Reasons Why Freelancing Is Going to Die SoonAugust 31, 2021
Freelance work will soon "die." What do we mean by "death?" The complete termination of work with freelances on complex, large-scale projects.
Freelancing can be considered the most disgusting work relationship possible. If you work with freelancers, be prepared for poor communication, missed deadlines, and childish excuses. That said, the underlying cause is not the irresponsibility and attitude of the freelancer, but the system itself that, in essence, is flawed.
Why Does This Happen?
1. Clients are becoming more knowledgeable
Just a few years ago, clients had less industry expertise surrounding the requests they made to freelancers. Now, however, clients are becoming far more experienced in certain markets.
2. Customers require complex solutions
If we take copywriting as an example, these days, almost no one requests simple writing, design, or advertising jobs. Instead, clients are looking for a comprehensive solution in conjunction with deep analytics and custom reports.
3. Freelance work is not always cheaper or profitable
If you pay a freelancer legally, the cost will be almost equal to taxes for a full-time employee.
4. The client has less control over the process
How a freelancer completes the work is unknown to the client. Of course, this is not a crucial factor in small tasks. The issue becomes more apparent on long-term, large-scale projects that take several weeks to complete. With, in most cases, no way to track or monitor the freelancer's progress, the client ends up waiting for weeks on end (usually past the agreed-upon deadline) only to be disappointed by the outcome.
5. The freelancer does not value the relationship with the client
As a rule, freelancers will have several projects on the go with multiple clients. As such, it's not unheard of for freelancers to drop a project as soon as difficulties arise. Why waste time struggling to overcome obstacles with one client when you can start over with someone else?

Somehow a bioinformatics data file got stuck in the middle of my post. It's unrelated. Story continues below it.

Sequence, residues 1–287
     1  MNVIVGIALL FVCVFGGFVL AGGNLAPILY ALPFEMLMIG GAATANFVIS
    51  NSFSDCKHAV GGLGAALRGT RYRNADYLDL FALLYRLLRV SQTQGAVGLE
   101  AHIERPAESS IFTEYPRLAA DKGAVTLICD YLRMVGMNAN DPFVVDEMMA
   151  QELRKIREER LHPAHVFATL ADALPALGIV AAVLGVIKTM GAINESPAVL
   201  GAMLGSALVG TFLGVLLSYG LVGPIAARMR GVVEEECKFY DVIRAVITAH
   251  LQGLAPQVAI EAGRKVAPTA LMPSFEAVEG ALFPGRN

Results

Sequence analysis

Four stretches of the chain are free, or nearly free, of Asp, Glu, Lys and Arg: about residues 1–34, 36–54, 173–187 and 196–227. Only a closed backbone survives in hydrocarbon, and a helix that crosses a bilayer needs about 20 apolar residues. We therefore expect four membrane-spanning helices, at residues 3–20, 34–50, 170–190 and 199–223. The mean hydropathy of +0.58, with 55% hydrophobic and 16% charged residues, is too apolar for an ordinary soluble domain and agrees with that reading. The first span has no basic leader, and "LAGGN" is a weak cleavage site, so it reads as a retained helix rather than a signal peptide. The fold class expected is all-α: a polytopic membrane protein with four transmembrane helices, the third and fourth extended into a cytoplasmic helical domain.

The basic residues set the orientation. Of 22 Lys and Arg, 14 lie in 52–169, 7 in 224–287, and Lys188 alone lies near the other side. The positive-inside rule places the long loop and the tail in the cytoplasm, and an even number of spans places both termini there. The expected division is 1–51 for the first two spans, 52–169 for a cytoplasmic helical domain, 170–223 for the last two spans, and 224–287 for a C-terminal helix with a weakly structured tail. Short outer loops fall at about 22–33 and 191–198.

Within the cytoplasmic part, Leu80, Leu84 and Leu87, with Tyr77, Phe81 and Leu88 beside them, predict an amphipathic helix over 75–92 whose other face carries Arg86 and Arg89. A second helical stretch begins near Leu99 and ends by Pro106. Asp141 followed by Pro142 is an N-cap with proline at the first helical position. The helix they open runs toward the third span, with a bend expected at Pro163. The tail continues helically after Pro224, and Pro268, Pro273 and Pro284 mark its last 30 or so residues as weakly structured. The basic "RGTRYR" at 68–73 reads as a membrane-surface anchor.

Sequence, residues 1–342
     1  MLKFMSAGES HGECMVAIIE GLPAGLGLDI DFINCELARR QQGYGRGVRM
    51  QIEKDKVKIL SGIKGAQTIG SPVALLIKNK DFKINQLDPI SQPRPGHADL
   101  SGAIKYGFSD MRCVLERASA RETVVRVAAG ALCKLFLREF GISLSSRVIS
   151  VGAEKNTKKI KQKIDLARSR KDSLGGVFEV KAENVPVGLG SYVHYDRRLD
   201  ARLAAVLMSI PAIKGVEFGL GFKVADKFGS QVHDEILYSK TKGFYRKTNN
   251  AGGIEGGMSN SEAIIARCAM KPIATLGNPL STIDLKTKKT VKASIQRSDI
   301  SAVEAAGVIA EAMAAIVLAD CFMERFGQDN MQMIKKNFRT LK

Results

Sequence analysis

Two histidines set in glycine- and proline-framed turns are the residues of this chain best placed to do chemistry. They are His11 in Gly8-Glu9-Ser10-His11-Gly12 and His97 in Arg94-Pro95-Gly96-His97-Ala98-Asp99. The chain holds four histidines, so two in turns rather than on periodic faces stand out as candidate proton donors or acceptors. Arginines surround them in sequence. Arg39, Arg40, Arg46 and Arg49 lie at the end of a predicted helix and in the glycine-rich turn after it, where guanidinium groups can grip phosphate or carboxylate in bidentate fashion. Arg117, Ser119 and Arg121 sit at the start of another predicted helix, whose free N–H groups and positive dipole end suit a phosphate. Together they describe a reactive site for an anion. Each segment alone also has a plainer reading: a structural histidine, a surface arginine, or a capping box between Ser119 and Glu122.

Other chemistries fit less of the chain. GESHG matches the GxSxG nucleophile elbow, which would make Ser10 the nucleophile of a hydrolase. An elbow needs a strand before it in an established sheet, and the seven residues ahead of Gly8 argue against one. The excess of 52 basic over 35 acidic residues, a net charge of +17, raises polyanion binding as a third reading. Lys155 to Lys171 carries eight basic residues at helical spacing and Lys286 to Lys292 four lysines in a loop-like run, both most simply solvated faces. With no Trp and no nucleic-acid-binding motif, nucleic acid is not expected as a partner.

6. The freelancer is less concerned about the company's well-being
A freelancer will always be an outsider – never fully committed to the project, the team, or the company. As such, company values and goals will be lost on freelance employees. They are temporary additions to the team and will not rush to take initiative or "put out fires."
7. The freelancer is not responsible for the end-result
The success or failure of any given project is not the freelancer's responsibility. They only care about the specific tasks assigned to them, whether that's design work, coding, or copywriting, etc., and nothing else.
8. Clients cannot completely trust freelancers
The client is unable to relax and have confidence that the project will run smoothly because, deep down, they cannot trust the freelancer. This prevents the company from growing and reaching its full potential.
According to the arguments above, we can make the following conclusion: If a client has, at the very least, a working understanding of the business they're in, they should hire an expert or agency for larger, success-critical projects – they should not entrust the work to freelancers. Our reasoning is clear as day. To find a professional, team-playing freelance worker that will excel expectations among the mass of random, unpredictably skilled freelancers is a daunting task.
Even when working with skilled freelancers, you will have little to no control over the process. Moreover, you cannot have complete confidence that the end result will be exactly as you expected. To ensure the success of any long-term project, clients should put together a strong, reliable team that consists of at least 80% full-time employees and only 20% freelance workers.